IBM's Supplier Conduct Principles were formalized in 2004. The Principles and their supporting IBM Supplier Conduct Principles: Guidelines are at the core of the company's Supply Chain Social Responsibility program and outline the company's expectations and requirements of suppliers doing business with IBM in regards to forced or involuntary labor, child labor, wages and benefits, working hours, nondiscrimination, respect and dignity, freedom of association, health and safety, protection of the environment, laws (including regulations and other legal requirements), ethical dealings, communications and monitoring/record keeping.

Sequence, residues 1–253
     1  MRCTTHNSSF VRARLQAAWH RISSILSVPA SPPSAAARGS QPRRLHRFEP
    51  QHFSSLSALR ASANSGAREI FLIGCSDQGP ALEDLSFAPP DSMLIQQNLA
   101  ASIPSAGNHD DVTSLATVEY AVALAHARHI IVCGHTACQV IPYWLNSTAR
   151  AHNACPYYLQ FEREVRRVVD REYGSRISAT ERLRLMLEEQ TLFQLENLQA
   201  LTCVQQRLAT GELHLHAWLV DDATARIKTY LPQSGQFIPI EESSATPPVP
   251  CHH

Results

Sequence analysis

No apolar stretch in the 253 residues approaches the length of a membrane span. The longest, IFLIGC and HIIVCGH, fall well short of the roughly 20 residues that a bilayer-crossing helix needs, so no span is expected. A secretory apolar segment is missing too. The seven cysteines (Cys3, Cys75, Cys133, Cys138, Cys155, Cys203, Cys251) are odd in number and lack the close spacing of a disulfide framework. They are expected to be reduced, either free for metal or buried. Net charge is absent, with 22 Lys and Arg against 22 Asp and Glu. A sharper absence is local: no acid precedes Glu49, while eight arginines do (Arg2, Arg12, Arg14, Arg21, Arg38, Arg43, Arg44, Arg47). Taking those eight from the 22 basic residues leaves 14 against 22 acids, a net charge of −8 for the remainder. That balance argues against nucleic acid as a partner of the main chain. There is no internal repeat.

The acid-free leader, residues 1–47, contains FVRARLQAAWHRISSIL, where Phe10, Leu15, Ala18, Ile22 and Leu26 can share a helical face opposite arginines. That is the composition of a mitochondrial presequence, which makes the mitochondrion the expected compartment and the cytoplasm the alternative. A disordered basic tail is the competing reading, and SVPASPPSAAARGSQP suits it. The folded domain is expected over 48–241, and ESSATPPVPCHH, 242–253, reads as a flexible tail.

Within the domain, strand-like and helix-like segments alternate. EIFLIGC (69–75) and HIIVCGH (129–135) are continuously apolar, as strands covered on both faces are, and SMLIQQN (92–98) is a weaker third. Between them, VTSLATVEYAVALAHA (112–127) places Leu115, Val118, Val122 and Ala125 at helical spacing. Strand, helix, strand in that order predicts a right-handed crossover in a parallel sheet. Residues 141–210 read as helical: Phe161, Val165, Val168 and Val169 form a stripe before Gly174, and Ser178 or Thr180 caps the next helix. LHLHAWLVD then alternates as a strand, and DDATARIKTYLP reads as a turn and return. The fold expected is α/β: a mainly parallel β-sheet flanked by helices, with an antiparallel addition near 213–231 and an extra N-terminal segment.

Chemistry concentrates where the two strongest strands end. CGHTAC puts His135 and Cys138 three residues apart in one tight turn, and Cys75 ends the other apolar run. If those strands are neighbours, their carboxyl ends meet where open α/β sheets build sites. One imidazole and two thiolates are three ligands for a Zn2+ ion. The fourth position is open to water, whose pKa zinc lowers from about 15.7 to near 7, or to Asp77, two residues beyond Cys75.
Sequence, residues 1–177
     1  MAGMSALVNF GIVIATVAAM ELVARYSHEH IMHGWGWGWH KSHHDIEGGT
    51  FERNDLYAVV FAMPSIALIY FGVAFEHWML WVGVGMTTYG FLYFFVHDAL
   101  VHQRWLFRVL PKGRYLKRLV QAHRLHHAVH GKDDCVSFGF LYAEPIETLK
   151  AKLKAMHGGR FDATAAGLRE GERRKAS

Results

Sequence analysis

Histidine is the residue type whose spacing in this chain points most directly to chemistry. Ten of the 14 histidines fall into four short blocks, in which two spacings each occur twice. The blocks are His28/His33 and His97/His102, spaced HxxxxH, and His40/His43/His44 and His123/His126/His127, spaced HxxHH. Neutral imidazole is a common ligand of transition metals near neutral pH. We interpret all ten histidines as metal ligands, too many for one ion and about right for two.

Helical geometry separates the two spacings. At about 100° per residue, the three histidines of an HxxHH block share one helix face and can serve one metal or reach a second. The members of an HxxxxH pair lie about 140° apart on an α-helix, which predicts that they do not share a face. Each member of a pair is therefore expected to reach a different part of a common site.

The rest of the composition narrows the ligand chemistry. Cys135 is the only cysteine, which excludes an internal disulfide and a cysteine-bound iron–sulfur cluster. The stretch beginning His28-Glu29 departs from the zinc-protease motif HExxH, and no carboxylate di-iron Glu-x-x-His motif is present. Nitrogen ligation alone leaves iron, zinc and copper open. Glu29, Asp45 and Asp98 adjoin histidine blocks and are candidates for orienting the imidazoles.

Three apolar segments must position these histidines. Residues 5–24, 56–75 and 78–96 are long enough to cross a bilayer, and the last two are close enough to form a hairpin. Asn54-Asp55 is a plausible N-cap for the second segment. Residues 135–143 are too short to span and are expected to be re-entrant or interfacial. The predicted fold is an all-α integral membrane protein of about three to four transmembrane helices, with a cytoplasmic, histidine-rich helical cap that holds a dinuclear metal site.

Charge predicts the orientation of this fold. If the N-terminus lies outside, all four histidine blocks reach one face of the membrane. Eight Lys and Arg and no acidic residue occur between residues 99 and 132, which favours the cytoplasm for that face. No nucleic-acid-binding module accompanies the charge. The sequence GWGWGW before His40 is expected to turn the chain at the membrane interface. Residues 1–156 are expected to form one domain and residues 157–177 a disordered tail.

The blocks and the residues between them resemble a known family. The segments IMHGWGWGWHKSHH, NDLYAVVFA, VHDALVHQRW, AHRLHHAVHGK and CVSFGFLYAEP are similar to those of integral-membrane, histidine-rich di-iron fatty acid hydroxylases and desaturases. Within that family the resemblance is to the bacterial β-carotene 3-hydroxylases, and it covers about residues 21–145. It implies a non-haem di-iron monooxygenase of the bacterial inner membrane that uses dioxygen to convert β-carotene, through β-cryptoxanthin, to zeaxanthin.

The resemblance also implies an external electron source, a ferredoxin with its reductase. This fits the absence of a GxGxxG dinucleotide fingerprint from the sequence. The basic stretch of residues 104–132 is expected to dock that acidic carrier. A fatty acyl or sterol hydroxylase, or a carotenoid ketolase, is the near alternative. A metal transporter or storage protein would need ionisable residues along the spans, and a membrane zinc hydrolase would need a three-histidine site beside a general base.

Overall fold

The Principles are integrated into new and existing contracts and relationships with suppliers and the company actively monitors suppliers' existing performance against them as a means to promote sound business practices across IBM's extended supply chain. The company has undertaken hundreds of on-location supplier audits to its Supplier Conduct Principles, focusing on suppliers in emerging markets where noncompliance may be likely to occur. Since 2004, more than 600 supplier audits against IBM's Supplier Conduct Principles have been conducted by third-party firms with local personnel in more than 15 growth market countries.
IBM's supplier audit program encompasses both manufacturing (production) and distribution (logistics) suppliers--which are historically where social audits are focused--as well as services and general procurement suppliers.